The closure of Bridgend is another example of the wanton destruction of the productive forces affecting all sectors of industry and the wider economy, but currently being suffered by the car industry in particular, through plant closures, job losses or elimination of whole production lines or methods.
The monopolists in control, from their perspective as individual competing owners, are obsessed with their ultimately fruitless attempts to offset their falling rate of profit. The car industry is currently beset by its own particular problems that are exacerbating this general state of crisis.
Issues affecting the environment, as well as congestion and safety, arising from the increasing reliance on road transport - issues that point, in short, to the need to humanise the natural and social environment - necessitate both technological development, such as the move to electric power, and new solutions for planning, working arrangements, public transport and the distribution of goods.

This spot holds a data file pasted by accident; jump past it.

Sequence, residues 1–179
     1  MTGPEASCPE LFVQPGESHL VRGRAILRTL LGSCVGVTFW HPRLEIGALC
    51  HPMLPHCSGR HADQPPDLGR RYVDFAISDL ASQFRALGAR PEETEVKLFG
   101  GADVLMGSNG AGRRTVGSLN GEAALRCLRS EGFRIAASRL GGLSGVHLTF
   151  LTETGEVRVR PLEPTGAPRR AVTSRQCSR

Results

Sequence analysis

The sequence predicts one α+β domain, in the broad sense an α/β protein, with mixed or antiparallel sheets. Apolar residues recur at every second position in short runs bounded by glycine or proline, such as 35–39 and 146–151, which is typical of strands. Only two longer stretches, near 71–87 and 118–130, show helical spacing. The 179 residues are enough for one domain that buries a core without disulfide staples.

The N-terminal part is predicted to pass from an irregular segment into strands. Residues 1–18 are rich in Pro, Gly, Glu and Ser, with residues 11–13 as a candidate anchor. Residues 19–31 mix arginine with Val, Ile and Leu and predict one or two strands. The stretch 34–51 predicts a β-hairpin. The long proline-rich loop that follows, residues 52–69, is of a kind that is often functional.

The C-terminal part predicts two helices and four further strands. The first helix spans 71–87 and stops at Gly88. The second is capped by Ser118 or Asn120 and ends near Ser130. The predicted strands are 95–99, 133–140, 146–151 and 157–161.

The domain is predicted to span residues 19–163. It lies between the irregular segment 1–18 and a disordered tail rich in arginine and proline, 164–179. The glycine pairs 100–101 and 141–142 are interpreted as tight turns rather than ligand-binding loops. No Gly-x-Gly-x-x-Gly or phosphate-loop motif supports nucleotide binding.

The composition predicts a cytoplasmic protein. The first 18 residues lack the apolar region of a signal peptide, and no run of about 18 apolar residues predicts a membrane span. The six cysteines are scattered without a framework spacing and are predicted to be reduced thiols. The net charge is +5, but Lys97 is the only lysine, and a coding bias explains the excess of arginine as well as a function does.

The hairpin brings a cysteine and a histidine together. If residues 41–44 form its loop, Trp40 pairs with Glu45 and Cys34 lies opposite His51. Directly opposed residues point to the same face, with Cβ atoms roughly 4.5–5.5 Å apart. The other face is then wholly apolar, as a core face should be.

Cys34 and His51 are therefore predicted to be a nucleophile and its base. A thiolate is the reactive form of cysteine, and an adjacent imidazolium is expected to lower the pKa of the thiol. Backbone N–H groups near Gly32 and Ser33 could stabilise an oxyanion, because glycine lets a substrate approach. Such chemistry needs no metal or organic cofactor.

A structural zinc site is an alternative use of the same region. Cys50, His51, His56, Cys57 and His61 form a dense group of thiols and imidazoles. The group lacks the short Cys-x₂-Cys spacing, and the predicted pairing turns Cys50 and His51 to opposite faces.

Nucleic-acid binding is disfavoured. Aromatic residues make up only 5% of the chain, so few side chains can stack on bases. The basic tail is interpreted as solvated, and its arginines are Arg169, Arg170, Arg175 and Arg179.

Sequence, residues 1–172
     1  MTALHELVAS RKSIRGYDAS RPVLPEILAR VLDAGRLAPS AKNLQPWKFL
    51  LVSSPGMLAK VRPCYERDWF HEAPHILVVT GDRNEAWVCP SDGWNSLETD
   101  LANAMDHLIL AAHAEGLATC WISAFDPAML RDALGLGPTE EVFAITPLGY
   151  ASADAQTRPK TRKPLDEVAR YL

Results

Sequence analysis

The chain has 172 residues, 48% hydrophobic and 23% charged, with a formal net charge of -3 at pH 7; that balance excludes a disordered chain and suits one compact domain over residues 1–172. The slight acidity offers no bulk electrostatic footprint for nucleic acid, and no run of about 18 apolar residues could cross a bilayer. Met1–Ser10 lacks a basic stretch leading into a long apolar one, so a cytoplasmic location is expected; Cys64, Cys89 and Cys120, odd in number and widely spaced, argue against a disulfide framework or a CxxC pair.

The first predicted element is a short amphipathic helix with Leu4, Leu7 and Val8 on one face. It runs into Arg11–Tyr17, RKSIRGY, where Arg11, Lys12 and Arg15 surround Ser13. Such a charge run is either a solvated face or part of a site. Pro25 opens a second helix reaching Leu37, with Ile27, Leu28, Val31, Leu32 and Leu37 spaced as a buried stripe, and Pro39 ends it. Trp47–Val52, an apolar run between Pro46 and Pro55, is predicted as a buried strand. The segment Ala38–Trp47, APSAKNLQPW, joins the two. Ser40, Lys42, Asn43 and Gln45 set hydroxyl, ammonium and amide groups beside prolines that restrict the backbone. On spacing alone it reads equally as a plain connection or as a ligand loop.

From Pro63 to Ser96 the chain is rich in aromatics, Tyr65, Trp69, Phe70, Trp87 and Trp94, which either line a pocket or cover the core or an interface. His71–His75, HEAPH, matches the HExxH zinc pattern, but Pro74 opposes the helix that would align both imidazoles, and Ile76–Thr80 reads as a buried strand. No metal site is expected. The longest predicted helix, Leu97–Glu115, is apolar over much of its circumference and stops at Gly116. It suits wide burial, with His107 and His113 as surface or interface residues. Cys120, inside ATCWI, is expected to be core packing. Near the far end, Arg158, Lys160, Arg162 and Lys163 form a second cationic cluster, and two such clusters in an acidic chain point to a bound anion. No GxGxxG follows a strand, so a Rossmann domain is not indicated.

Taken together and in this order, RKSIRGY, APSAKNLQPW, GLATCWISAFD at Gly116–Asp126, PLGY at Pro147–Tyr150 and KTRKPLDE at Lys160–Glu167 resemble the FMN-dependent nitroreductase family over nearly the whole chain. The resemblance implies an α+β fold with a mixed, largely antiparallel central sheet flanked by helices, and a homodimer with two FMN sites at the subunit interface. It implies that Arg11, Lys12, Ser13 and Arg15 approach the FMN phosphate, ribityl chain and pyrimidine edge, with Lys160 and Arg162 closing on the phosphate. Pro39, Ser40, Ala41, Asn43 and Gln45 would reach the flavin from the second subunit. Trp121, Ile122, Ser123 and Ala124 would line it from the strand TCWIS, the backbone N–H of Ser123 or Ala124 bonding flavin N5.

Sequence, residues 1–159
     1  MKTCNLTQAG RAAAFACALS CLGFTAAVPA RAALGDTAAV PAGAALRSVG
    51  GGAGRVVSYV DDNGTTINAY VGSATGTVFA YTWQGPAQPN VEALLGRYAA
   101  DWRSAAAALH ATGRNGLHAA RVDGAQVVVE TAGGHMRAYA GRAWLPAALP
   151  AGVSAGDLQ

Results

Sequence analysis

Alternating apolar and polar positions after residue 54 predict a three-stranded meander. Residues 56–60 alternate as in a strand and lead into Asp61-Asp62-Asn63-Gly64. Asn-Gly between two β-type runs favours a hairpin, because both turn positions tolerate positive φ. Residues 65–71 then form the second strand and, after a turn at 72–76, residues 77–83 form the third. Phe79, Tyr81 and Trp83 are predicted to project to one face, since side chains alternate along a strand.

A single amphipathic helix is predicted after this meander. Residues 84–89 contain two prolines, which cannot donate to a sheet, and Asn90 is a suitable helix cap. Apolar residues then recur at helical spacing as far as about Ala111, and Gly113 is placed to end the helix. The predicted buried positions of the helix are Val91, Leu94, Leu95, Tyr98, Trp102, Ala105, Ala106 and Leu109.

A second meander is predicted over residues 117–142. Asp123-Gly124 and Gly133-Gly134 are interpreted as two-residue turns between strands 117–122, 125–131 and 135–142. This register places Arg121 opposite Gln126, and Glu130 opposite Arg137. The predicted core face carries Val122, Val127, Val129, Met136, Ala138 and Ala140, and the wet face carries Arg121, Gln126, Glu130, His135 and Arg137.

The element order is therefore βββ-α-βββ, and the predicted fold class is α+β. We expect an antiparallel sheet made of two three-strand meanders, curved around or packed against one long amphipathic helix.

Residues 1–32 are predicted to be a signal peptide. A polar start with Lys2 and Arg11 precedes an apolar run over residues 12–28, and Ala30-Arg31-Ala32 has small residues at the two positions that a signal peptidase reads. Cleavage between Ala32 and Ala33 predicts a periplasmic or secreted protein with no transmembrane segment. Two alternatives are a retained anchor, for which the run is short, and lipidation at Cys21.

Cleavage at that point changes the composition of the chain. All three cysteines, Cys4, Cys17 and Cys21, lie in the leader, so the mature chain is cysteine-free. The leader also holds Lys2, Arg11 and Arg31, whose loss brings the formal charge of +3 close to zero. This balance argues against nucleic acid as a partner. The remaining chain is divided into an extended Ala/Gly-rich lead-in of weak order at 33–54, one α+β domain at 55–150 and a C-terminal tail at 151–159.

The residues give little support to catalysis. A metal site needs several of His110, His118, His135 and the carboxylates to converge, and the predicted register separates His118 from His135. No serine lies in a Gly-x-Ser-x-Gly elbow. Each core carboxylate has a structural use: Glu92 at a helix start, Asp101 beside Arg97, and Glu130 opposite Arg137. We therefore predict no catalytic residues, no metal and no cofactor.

This necessity finds itself up against the narrow private interests of competing monopolies and their drive to offset their falling rate of profit. Rather than playing the role of contributing to the socialised economy to guarantee the well-being of all, production and the issues it faces pose itself to these interests as one of "market conditions", such as falling demand for diesel and the shift to electric cars. Ford blamed "changing customer demand and cost" for its closure plans.
Ford of Europe president Stuart Rowley said: "Creating a strong and sustainable Ford business in Europe requires us to make some difficult decisions, including the need to scale our global engine manufacturing footprint to best serve our future vehicle portfolio."
After this irrationality that such destruction will serve the future come the crocodile tears: